Once more, Muller was the star, again becoming the top scorer in the league, and beating teammate Beckenbauer to the German Player of the Year award.

At the 1970 World Cup, West Germany were many people's outside favourites to claim the trophy. They had the strong England, Italy and Brazil teams to contend with, however.

Ultimately it was Italy who put the Germans out in the semi-final, after a 4-3 win after extra time. Muller, however, had burst onto the world scene with his displays. He had showcased his amazing goal-scoring ability on the grandest stage of them all, winning the Golden Boot with ten goals in the World Cup.

The 1970s were to be kind to Muller.

His goals at club level saw him awarded the Bundesliga's top scorer award for the third time, and his performances at the World Cup saw him awarded with the Ballon d'Or.

1971 brought another German Cup for Bayern, and the following season yet more silverware was added to Muller's trophy cabinet.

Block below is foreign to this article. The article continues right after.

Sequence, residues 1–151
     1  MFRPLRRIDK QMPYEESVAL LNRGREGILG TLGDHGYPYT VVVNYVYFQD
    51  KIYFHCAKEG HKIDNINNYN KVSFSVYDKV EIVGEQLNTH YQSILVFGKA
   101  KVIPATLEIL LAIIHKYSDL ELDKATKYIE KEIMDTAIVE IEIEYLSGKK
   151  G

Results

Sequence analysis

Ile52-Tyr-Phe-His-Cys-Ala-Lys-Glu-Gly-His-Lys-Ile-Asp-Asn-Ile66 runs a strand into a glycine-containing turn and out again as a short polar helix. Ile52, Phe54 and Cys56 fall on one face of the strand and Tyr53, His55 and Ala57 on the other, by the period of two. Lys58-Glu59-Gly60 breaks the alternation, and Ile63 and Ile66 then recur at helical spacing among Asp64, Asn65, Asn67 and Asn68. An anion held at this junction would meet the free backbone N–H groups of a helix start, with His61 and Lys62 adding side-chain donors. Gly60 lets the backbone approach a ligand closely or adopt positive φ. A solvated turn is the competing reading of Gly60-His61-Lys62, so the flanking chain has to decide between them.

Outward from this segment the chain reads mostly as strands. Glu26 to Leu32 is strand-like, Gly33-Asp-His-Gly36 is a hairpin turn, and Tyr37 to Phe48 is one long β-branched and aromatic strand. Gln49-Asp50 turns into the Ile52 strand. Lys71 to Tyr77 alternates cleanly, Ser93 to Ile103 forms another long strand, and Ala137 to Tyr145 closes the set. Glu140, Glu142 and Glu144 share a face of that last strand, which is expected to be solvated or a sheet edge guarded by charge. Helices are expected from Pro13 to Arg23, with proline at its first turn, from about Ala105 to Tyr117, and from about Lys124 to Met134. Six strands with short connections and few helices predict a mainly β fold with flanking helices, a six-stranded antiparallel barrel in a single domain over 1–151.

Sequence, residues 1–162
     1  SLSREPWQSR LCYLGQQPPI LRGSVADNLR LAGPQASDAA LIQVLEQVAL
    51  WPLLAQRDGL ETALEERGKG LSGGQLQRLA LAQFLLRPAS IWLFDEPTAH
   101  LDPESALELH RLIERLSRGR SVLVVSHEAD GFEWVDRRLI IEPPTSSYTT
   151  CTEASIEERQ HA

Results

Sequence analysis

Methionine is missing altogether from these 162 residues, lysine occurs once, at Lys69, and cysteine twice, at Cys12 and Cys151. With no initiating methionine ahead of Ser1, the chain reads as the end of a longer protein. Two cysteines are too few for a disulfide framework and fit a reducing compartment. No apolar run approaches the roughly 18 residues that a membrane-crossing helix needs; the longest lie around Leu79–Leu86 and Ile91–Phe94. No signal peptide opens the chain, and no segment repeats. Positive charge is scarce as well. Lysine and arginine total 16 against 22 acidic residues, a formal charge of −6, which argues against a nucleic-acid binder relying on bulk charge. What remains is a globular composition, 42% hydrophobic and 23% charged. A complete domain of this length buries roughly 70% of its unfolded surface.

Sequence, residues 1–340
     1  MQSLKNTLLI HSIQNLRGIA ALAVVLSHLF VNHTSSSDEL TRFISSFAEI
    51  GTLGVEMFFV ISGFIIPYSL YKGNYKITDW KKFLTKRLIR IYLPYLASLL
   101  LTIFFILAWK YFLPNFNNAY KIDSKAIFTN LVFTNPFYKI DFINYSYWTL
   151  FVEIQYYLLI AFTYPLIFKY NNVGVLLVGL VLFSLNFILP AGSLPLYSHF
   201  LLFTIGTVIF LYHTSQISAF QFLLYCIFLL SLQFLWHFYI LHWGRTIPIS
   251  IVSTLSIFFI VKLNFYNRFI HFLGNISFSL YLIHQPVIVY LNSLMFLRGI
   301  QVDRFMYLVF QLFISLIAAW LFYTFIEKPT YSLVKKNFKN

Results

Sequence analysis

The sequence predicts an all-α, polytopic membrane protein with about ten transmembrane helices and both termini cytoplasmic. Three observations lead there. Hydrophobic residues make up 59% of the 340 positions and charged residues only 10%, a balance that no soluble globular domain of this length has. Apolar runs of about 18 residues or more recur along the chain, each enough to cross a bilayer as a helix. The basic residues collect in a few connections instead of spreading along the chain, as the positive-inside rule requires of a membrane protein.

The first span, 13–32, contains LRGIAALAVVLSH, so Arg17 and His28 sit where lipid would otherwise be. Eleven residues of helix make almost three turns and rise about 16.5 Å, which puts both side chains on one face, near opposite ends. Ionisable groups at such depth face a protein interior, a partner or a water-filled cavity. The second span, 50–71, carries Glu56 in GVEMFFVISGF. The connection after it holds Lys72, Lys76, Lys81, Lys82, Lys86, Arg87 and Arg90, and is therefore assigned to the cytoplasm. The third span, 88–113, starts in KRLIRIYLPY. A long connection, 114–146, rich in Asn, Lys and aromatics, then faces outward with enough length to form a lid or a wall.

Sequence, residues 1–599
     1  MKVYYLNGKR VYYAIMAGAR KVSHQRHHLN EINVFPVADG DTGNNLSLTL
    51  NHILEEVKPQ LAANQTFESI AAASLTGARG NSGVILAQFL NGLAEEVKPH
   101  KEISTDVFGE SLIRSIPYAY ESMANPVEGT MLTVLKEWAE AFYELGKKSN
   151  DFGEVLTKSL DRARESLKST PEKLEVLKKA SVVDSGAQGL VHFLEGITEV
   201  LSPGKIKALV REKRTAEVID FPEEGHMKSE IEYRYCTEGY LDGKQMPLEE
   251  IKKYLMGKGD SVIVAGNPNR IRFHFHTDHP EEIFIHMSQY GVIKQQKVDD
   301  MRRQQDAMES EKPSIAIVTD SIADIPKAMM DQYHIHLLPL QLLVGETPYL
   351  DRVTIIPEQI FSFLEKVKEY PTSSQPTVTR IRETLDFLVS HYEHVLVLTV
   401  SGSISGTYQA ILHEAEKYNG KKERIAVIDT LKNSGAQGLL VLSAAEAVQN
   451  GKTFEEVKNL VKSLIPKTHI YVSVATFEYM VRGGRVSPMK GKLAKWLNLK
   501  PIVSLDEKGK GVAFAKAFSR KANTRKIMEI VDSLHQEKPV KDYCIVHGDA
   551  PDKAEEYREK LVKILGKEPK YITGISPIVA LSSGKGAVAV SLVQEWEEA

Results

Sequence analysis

Not only did he help Bayern become league champions again in 1972, but he was, once again, named the top scorer.

That summer saw the European Championships, and Germany were much fancied. With Beckenbauer, Maier and Muller, Germany triumphed, and Muller came out of his second successive major international tournament as top scorer.

More medals came in 1973 as he helped Bayern to a second successive league title.

1974, however, was to be the best in the already illustrious career of "Der Bomber". Domestically, Bayern won the Bundesliga again, making it three in a row, and Muller was the top scorer, again for the third season in a row.

This season also saw the start of the great Bayern side in Europe. They had been in the European Cup before, but 1974 was the first time they made major strides all the way to the final, which they won.

One trophy was missing from Muller's trophy cabinet - the World Cup.

As the 1974 World Cup came around, the pressure on West Germany was immense, they were the host nation after all. In the final they came up against the "Total Football" of Holland, and the great Johan Cruyff.